In Daniel 3, however, Nebuchadnezzar had a giant gold statue made in his image and demanded that all of his officials bow down and worship him in a massive public ceremony. Daniel was apparently not present on this occasion, but three of his Jewish friends were. The men we know as Shadrach, Meshach, and Abednego refused to bow down, and some “astrologers” denounced them to the king. Nebuchadnezzar had them thrown into a fiery furnace, probably the blast furnace used for smelting the gold. The three were unharmed by the flames and were joined by one who looked “like a son of the gods,” probably a pre-incarnate appearance of Jesus. The astrologers must have been astounded at the result, and Nebuchadnezzar issued a royal decree praising “the God of Shadrach, Meshach and Abednego” (Daniel 3:28).

In Daniel 4, Nebuchadnezzar had another dream. Again he summoned his “wise men,” that is, “the magicians, enchanters, astrologers and diviners” (Daniel 4:6-7) to interpret his dream, and again they could not. So he sent for Daniel, whom he called “chief of the magicians” (Daniel 4:9), and Daniel’s God again proved able to interpret the dream. In fact, the dream was a message of God to Nebuchadnezzar, warning him that if he did not “acknowledge that the Most High is sovereign” and renounce his sins “by doing what is right and…by being kind to the oppressed” (Daniel 4:25,27), he would be deposed as king. Nebuchadnezzar did not repent, went mad, lost his kingdom, and wandered alone in the wilderness. When he finally acknowledged the sovereignty of the true God, his “advisers and nobles” restored him to the throne (Daniel 4:36). Nebuchadnezzar then issued a decree to his entire empire and to people beyond it, describing his experience and praising “the King of heaven” (Daniel 4:37). He had apparently become a follower of the true God.

The direct witnesses to all of these events were the Babylonian “magicians, enchanters, astrologers and diviners.” It is certainly possible that some of them also became followers of “the King of heaven.” In any case, the story of the remarkable events that had occurred would have become part of the literature of Babylon and would have been passed down to future generations.

Furthermore, the book of Daniel is unique in the Old Testament. Except for a few verses, the rest of the Old Testament was written in Hebrew, the language of the Jews. But the central part of the book of Daniel was written in Aramaic, the diplomatic language of the Babylonian Empire. At the time of Jesus’ birth, the book of Daniel, as well as Nebuchadnezzar’s royal proclamations, were probably still present in the Babylonian libraries and archives, in a language the Babylonians could read and understand.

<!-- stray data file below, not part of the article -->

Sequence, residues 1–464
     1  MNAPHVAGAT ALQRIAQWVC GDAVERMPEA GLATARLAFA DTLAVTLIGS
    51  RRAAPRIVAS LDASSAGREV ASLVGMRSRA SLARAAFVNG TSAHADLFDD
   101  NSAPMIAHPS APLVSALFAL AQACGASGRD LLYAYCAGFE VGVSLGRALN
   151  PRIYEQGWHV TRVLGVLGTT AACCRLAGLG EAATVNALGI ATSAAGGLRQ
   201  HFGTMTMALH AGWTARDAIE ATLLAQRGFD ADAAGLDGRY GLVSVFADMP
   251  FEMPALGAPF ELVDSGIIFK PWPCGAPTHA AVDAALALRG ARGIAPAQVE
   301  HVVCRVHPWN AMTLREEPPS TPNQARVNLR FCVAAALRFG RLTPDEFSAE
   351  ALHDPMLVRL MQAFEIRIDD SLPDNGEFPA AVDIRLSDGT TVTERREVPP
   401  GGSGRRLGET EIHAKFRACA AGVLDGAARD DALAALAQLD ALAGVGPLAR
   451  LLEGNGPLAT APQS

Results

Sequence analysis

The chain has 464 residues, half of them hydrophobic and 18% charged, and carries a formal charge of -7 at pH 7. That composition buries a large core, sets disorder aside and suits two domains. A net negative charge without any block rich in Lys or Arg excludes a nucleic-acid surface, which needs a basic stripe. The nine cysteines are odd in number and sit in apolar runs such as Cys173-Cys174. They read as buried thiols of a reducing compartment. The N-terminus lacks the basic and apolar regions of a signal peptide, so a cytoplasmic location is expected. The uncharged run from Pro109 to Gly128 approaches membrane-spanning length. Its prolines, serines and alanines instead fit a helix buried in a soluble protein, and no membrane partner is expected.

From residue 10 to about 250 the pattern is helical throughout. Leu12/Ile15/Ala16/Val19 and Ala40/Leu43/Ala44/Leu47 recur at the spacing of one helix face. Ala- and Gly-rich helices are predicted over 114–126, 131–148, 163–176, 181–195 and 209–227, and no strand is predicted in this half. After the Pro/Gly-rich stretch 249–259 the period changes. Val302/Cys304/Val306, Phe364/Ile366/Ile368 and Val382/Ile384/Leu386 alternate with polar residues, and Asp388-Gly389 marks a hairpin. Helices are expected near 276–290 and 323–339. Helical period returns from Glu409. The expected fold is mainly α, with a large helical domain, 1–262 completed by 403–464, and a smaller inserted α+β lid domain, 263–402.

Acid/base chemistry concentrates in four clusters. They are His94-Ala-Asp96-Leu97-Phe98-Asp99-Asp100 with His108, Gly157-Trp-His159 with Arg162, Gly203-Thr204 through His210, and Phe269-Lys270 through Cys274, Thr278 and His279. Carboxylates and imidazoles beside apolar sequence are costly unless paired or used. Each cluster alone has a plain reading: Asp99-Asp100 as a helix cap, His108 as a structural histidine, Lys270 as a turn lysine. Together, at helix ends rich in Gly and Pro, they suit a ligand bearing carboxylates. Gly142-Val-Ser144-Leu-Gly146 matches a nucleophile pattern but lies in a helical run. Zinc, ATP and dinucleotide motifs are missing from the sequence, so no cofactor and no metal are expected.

The obvious conclusion, then, is that the “wise men” of Matthew 2 were some of the successors of the “magicians, enchanters, astrologers and diviners” of Daniel’s time.

But that still does not explain why the wise men were convinced that the birth of Jesus, “the king of the Jews,” mattered to them. Yet the answer is obvious. Daniel 2 contains the prophecy of the four empires that were to be replaced by the Kingdom of God. Six hundred years later, the descendants of the wise men of Babylon would have been able to see that the prophecy had been absolutely correct in predicting the fate of the Babylonian, Persian, Greek, and Roman Empires. They did not make the long journey to Bethlehem to acknowledge the new king of the Jews. They came to celebrate the arrival of the one who was “like a son of the gods” and who would establish the Kingdom of God that would supersede all other kingdoms. And they were not surprised to find the baby in humble circumstances, because their ancestors had seen the true God use four refugee boys to overawe the might of the Babylonian Empire.

Three decades later, when the church of Jesus Christ was inaugurated at Pentecost, there were present people from “every nation under heaven,” including “Parthians, Medes and Elamites” (Acts 2:5,9), people who lived near the center of the old Babylonian Empire, people from the “the east,” where “the wise men” had come from. Although it is not widely known now, the early Christian church expanded quite quickly into the area that had once been the center of the Babylonian Empire. Was the way prepared by the wise men, influenced by the remarkable events and accurate prophecies recorded in the book of Daniel?